Artwork by Southwest Washington and Oregon artists.

March Spotlight: Decorative Inspiration

City by Linda Schneider

Romantics will find inspiration in our gallery this month, with poetry inspired glassworks by Peggy Bird, and Russian styled paintings of flora and fauna by Linda Schneider. Combined with the fresh colors of Mitzi Christensen’s nautical paintings, we think you’ll feel like spring is on the way!

Please join us for a First Thursday Opening Reception to meet the artists and see their work.

March 1
5:30 – 7:30 pm
Music by Steve Harvey

Featured Artists
Ron Nelson (paintings) | Peggy Bird (kiln formed glass work)
Mitzi Christiansen (paintings) | Linda Schneider (paintings)

Here is a little about our March artists:

Linda Schneider

Man by Linda Schneider

Linda Schneider is a nurse, and finds that painting makes a wonderful balance with the demands of nursing. She started painting 15 years ago when her Mom asked her to join a painting workshop of acrylic on wood. She was hooked, and went on to study oil, pastel and watercolor, creating scenes with animals and flowers as found in nature.

For this exhibit Linda’s focus is painted acrylic on wood. She’s always admired the Russian floral style of Zhostovo and fairy tale style of Palekh. She’s studied with Master Palekh Artists Boris and Tanya Kamardin and has taken Zhostovo painting lessons from Master Zostovo Artist Misha Lebedev for 10 years.

Linda is also inspired by Norwegian decorative painting, and has taken Rosemaling from Bjorg Klevi, but most of all she enjoys learning new styles to create color and beauty.

Scroll down to see more of Linda’s paintings

Words in Glass II ~ by Peggy Bird

Several years ago, inspired by the poem of a dear friend, I created a glass art piece for a show called “Collaborations.”  It was such a rewarding experience that I went on to make a dozen other pieces using her work to guide me. That body of work, which I called Words in Glass, was exhibited at the Broadway Gallery and the Sixth Street Gallery in Vancouver.

Since then I’ve not only continued to do my glass art but have written several novels. In one the story revolves around a dead glass artist, a live and very beautiful glass artist and the police detective who falls in love with her after saving her from being accused of murder.

Although fearing that I had created fictional characters considerably more talented than me, I decided to try to make the pieces described in the novels. Words in Glass II is the result.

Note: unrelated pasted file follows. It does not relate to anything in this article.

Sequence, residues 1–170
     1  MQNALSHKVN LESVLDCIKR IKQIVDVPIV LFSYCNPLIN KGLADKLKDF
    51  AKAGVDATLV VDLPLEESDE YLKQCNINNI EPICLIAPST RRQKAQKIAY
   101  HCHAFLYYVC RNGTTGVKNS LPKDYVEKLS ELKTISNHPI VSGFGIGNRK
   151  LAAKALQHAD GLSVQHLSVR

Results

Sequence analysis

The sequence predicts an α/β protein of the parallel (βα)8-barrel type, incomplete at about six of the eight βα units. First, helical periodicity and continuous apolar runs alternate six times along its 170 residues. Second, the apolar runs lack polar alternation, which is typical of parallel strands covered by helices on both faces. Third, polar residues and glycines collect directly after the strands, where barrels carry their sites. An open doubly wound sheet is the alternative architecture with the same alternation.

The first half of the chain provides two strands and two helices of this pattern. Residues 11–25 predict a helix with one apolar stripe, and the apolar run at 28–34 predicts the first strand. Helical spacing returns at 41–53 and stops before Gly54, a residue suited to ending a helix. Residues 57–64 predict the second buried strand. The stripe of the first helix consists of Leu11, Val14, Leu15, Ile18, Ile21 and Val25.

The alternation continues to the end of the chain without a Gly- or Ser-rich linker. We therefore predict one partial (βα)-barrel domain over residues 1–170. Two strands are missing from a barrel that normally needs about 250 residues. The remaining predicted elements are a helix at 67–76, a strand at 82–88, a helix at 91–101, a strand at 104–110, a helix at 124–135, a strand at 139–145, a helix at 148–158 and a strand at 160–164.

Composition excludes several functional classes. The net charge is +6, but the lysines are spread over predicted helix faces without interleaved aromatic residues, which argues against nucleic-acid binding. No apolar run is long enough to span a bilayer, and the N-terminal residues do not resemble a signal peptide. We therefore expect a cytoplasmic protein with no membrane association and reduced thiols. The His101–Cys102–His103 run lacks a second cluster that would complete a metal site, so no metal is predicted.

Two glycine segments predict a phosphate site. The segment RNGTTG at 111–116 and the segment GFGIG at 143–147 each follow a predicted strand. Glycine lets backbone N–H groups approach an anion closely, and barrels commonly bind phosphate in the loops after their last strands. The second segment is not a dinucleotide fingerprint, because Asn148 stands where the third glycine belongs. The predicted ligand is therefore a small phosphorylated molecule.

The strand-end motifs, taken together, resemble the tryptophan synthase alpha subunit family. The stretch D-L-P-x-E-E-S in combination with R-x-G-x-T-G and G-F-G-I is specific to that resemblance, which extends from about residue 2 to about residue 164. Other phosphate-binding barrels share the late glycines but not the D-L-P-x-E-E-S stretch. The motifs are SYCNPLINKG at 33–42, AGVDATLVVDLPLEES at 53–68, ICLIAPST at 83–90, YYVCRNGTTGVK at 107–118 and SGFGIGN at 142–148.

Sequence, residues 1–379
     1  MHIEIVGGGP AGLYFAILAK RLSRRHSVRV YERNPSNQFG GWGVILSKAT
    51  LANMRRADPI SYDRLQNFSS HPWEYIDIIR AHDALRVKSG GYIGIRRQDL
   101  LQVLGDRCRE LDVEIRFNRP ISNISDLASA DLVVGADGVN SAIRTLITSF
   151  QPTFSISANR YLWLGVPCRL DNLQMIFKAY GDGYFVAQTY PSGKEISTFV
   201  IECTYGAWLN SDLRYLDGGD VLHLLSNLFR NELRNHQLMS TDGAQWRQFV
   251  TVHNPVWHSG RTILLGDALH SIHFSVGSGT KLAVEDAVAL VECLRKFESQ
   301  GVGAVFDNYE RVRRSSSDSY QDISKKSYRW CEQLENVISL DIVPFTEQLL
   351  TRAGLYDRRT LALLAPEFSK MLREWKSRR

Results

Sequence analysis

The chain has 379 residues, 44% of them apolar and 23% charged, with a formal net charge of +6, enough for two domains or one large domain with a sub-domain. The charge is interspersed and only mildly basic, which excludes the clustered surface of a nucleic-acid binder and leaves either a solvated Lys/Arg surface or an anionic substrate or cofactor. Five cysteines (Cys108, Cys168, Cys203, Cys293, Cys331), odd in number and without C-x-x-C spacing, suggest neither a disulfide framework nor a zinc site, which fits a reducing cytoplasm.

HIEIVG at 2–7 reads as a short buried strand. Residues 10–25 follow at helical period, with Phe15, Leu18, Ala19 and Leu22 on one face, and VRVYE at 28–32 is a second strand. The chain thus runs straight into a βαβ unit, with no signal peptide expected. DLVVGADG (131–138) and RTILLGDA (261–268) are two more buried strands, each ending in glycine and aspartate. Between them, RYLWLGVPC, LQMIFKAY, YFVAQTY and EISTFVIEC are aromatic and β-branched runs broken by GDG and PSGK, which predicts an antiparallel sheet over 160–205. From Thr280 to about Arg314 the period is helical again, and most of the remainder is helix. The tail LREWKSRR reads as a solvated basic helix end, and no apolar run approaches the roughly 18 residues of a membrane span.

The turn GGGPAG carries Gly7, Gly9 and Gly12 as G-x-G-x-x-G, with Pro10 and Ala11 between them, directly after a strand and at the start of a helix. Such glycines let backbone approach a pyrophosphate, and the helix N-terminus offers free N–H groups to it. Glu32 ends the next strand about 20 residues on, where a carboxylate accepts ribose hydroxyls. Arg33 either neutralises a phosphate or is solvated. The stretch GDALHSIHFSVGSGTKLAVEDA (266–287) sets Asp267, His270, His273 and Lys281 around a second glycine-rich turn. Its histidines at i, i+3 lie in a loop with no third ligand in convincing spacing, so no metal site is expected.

This exhibit is in four parts and represents two stages in the lives of two artists. The first, Amanda St. Clair, has two shows mentioned in the book. The first, during which she meets the hero, shows her work interpreting emotions. The second exhibit, after a residency at the famed Pilchuck Glass School north of Seattle, is entitled “Opposites.”

Eubie Kane, who sadly ends up murdered, created “Weather Moods” first then moved on to “Seasonal Moods.”

With each section of work is an excerpt from the novel, describing the setting and sometimes the glass. It is up to the viewer to decide if I captured the essence of the fictional work in my real pieces. ~ Peggy Bird

Peggy Bird has been working with glass for over a decade, creating both functional and art pieces, exhibiting in galleries and shows in Southwest Washington. She was first attracted to glass when she saw stained glass windows in old churches during overseas travel and heard romantic stories about lost formulas for the stunning colors created by medieval artists.

Later she did some rudimentary stained glass works. But it was when she took classes in kiln-forming at Bullseye Glass in Portland that she truly fell in love with the material and began to explore the possibilities of working with it.

The pleasure—and challenge—of working with glass is its unique structure. It can take shape in a kiln when slumped over a mold or with the merest breath when blown. It uniquely captures, transmits and reflects light and color. It has flow and movement.

It also hates to be cut when it’s cold, turns muddy if you don’t clean it properly before firing, and takes advantage of the haste with which you put it in the kiln and moves to join the piece next to it if you put them too close together.

The colors, shapes and movement of painting, photography and fiber art all have informed Peggy’s work, as have words.

Mitzi Christensen

Group of Paint Cans by Mitzi

Mitzi was featured at our gallery in April 2011. Learn more about her work.

Columbia River Fisherman by Mitzi

 

 

 

Plate by Linda Schneider

Table by Linda Schneider

 

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